Why is GOP Congressional Candidate Will Hurd Afraid To Debate Democrat Incumbent Pete Gallego?

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This election, it has become apparent Texas Republicans are running away from debates almost as if these were the plague. From Greg Abbott refusing to debate Wendy Davis in additional locations across the state to Dan Patrick refusing a similar proposal by Leticia Van de Putte — it seems GOP candidates are too afraid to debate Texas Democrats in front of voters this election. Debates make a big difference in competitive races where candidates need to distinguish themselves, their records, and their points of views to voters.

For Republicans and Democrats alike, the Texas 23rd congressional district is seen as the only truly competitive race either party could win this November. The district is currently represented by first-term, incumbent U.S. Rep. Pete Gallego (D-Alpine). Gallego is a former Texas state representative that earlier represented a portion of his current congressional district seat in the Legislature. The same year Gallego beat his then-incumbent Republican opponent, former Rep. Quico Canseco, district voters voted in favor of Mitt Romney over President Barack Obama by a margin of 51-48 percent. Canseco was also a freshman incumbent when Gallego beat him in 2012.

Now, Gallego faces Republican candidate Will Hurd. Hurd is a former Central Intelligence Agency agent that managed to beat Canseco during the Republican primaries to win the party’s nomination this election. It seems even Republican district voters weren’t content with Canseco, and were willing to nominate a different candidate this time around.

This is why the district is so competitive — it could go to either party’s candidate.

Republicans in Congress know this, and have not been shy in pumping a lot of money into the race, attempting to play on Hurd’s background in national security during Hurd’s time with the CIA. Republicans claim Gallego does not have the foreign policy experience needed to present CD-23, which spans over 800 miles along the Texas-Mexico border.

“This district, which Mitt Romney won, is definitely seen as a huge pick-up opportunity for us,” said Katie Prill, spokesperson for the National Republican Congressional Committee. “The race is very winnable for Republicans.”

With such a strong Republican presence in CD-23, one would think Hurd would agree and push for as much exposure to voters as possible this election. So that this way, Hurd has the opportunity to articulate his position on key issues to voters, given the fact that he holds no record as an elected offical. Yet, Hurd has instead seemingly chosen to follow the lead of many other Texas Republican officials when it comes to debates — run away from them, and ignore any requests by Democrats.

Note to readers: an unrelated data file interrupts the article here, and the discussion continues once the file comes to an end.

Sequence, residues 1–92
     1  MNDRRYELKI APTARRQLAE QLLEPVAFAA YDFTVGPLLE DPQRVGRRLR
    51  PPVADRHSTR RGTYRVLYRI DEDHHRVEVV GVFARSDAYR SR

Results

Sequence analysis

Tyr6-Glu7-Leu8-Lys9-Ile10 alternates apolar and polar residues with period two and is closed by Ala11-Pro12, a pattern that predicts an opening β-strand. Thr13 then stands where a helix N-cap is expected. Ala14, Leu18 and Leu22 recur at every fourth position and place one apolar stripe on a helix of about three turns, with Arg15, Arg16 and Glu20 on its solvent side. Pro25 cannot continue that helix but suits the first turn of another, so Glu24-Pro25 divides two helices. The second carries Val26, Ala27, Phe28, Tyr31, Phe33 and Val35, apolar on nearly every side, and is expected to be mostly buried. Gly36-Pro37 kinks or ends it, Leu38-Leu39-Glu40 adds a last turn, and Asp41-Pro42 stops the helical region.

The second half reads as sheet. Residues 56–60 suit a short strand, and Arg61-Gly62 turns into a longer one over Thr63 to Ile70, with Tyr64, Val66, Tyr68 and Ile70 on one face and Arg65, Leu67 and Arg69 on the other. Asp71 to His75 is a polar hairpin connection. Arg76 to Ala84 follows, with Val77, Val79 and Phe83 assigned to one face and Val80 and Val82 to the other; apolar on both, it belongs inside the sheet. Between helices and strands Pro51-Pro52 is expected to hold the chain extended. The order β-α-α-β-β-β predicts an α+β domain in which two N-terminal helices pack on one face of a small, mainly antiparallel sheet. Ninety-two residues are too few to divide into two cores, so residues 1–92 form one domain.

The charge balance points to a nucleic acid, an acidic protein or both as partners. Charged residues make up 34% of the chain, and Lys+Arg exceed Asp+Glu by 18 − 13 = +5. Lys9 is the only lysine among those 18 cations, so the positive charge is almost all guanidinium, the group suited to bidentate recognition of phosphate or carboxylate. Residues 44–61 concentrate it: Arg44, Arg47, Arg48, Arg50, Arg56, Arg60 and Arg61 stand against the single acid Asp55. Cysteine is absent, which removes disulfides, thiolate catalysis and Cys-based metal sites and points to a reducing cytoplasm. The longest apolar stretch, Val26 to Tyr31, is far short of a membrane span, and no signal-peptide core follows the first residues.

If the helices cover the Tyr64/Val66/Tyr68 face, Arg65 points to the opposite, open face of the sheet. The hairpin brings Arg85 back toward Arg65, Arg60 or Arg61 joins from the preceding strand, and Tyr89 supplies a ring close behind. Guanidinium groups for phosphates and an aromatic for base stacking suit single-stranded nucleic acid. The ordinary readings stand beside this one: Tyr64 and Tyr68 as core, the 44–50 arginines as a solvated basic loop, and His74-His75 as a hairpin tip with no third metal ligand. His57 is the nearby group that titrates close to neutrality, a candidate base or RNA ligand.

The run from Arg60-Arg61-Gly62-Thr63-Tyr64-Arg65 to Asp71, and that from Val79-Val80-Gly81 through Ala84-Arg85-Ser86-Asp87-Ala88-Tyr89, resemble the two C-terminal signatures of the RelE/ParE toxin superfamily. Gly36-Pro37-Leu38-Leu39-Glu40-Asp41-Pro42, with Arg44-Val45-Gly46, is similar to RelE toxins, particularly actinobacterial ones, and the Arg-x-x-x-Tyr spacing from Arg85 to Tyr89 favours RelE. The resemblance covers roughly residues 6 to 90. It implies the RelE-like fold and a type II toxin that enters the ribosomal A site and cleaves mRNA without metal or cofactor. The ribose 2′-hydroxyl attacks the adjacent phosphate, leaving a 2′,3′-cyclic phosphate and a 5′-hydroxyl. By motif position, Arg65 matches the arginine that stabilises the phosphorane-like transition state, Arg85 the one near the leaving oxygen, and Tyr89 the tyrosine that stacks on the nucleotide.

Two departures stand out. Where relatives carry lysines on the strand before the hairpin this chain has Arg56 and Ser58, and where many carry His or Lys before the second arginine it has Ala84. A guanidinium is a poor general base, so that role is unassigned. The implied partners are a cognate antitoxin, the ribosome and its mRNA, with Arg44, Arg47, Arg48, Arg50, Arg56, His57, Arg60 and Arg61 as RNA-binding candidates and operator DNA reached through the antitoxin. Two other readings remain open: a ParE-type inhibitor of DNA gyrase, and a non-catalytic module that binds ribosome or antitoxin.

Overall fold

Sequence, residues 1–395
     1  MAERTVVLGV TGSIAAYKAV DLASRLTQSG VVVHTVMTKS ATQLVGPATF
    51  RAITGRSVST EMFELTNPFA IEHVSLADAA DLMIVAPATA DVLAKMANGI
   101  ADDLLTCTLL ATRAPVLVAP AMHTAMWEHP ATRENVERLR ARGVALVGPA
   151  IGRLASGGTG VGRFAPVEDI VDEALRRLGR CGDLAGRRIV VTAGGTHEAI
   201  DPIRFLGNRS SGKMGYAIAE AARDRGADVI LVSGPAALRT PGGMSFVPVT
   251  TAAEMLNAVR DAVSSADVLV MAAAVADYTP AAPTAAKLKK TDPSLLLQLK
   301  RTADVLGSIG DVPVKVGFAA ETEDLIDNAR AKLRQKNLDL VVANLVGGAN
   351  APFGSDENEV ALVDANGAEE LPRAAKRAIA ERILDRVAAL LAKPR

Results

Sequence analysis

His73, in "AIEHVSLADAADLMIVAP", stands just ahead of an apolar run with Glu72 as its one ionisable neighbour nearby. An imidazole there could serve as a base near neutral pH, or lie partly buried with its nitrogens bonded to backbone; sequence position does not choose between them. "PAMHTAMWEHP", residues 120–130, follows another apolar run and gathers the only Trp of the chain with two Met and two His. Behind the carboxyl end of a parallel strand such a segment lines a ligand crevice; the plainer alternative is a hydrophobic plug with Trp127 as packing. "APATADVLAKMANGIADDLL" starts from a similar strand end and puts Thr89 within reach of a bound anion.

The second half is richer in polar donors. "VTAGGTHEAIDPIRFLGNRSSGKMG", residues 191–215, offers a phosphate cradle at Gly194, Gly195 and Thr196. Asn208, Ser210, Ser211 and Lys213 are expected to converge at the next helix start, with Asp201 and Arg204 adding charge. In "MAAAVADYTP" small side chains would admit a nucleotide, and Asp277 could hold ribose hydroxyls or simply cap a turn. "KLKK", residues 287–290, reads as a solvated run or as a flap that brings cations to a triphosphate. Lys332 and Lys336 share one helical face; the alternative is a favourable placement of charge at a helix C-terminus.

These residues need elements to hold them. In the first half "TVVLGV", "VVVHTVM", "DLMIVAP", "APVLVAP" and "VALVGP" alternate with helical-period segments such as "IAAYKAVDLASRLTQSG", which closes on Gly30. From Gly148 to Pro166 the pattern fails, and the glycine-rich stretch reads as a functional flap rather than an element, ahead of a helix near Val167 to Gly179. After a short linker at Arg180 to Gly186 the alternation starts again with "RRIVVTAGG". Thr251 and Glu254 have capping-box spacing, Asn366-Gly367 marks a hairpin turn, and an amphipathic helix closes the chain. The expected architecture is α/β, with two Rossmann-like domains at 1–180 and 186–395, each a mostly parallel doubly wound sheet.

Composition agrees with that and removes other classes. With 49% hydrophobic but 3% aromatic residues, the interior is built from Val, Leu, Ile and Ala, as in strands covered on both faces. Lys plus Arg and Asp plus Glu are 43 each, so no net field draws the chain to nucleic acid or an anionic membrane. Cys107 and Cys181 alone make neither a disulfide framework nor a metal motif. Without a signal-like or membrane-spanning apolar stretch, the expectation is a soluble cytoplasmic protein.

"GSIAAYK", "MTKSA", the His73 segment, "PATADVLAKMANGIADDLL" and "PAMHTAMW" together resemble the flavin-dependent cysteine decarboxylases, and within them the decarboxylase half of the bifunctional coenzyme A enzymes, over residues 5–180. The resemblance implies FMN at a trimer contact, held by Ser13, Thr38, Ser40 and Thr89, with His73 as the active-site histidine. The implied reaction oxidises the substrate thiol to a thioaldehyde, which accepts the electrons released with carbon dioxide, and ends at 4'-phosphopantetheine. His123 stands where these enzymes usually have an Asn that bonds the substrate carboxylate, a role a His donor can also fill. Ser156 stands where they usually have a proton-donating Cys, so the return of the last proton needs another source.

Perhaps Republicans are just too afraid to defend their records and positions in front of voters.

Despite having a history of being a swing-district, almost 70% of voters in CD-23 are Latinos, a demographic of voters that tend to gravitate towards Democratic positions and ideals.

Hurd may simply not want to debate because he’s attempting to gain support from the more conservative voters in CD-23, not the general Latino voting population. Gallego, who is Latino, is more personally aware of issues that matter to our community and has the record to prove it.

“They’re passionate about making sure that kids have an education,” said Gallego. “They care about jobs, about the economy. They want to work their way into the middle class and beyond.”

Hurd is in favor of a massive budget cut that would slash low-income education programs. These educational programs are deeply important for Latinos of low-income backgrounds to receive an education, and better the lives of themselves and their families. The massive budget cut Hurd supports would also slash deep into Social Security and Medicare, programs that are of equal importance to Latinos.

If Republicans truly want Latinos to vote for them in elections, then the Republican Party has to be willing to compromise on issues that are important to others, not be driven by conservative voters only concerned about “securing the border.” A platform Republicans like Hurd are running on.

Gallego and his campaign have called out Hurd on his and other Republicans’ hypocrisy, saying they care about Latino voters yet are actively fighting to make our lives more difficult. Slashing away at programs vital to the community. Gallego wants to inform Latino voters of this reality, sending them a message that our community’s future success depends on our votes.

Check out a video below by Gallego’s campaign criticizing Hurd and Republicans for wanting to defund Latino’s opportunity to education:

Follow Omar on Twitter at @AraizaTX.


About Author

Omar Araiza

Staff writer Omar Araiza covers immigration, Latino voters, the U.S.-Mexico border, and LGBT issues. He is a proud South Texas native, born and raised in the lower Rio Grande Valley. Omar tweets from @AraizaTX.

1 Comment

  1. Debates make a big difference in competitive races where candidates need to distinguish themselves, their records, and their points of views to voters.

    I think Hurdy is probably ok with records speaking for themselves. D’s are denying their leaders from Obama to Reed to Pelosi during this election season. Why give Galego an opportunity to script an answer to this distancing? There are even candidates that won’t admit voting for Obama because it will make them look bad.

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